Ethics commission to seek fines in court


The State Ethics Commission is going to court to try to collect $8,750 in fines and penalties from Howard County elections board administrator Robert J. Antonetti Sr.

The money is due from a 1997 commission ruling, which found that Antonetti had improperly hired his wife and children for part-time elections board jobs in Prince George's County and failed to disclose their employment records. He was administrator of the Prince George's County's elections board for 30 years before taking a job in Howard County in 2000.

Suzanne S. Fox, executive director of the commission, said $1,250 in late fees - penalties for not filing the employment disclosure reports - is being referred to the attorney general's office for collection.

The commission also decided this week to seek payment of the unpaid $7,500 fine through Prince George's County Circuit Court, she said.

"It was just a pro forma matter" for the commission, she said, after a Court of Appeals ruling in September upheld the commission's case against Antonetti.

Another sanction, a two-week job suspension, is moot, Fox said, because "he doesn't work for [Prince George's County] anymore."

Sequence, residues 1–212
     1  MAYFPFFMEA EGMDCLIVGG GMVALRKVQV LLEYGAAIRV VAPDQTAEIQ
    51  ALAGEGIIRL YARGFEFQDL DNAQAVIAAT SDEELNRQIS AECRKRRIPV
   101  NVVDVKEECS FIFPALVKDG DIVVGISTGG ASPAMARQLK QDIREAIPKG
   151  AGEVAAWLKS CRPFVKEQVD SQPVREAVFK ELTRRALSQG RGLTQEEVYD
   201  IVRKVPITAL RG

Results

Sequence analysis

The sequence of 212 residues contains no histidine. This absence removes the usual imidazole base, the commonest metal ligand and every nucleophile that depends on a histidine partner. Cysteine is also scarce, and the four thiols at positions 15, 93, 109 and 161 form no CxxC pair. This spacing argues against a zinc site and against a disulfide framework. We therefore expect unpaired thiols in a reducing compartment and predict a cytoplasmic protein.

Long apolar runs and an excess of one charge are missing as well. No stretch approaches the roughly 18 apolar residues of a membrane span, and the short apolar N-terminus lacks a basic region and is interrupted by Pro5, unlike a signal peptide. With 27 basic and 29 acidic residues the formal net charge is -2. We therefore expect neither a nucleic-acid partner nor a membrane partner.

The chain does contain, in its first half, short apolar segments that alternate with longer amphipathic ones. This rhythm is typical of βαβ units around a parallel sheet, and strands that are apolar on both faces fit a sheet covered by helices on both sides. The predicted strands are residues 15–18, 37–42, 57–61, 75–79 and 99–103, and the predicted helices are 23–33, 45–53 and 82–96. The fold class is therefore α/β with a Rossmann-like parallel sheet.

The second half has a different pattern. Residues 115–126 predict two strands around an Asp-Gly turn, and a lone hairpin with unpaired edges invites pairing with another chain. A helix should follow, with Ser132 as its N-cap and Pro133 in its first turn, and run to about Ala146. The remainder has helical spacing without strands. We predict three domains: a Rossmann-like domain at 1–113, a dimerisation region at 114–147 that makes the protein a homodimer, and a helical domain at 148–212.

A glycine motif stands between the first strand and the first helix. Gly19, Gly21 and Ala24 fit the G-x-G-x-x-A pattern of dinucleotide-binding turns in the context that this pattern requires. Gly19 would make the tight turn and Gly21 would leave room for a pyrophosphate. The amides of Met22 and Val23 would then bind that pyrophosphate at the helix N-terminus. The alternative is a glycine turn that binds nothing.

Antonetti said, "I'm going to talk to my attorney" about the fine. He described it as a "very unusual situation" and said he has the option to pay or not to pay.

The commission found that the veteran official paid his family members $14,000 from 1988 to 1994 for part-time work, and signed the pay authorizations for them.

Antonetti argued through various appeals that although he hired family members for temporary jobs, that is not inappropriate or even unusual in Maryland. He signed the pay stubs because he was the only board official authorized to do that.

But Assistant Attorney General Randolph S. Sergent argued before the appeals court in April that ethics laws require officials to "fully disclose the nature and circumstances of conflicts of interest. There is no evidence of this disclosure."

Antonetti's appeal of the commission's decision to Prince George's County Circuit Court won a reversal of the commission's ruling in February 1999. The state appealed that to the Court of Special Appeals, which again upheld Antonetti.

The commission then took the case to the state's highest court and won.

Howard officials have said they hired Antonetti because of his long experience, which they felt outweighed his problems in Prince George's.

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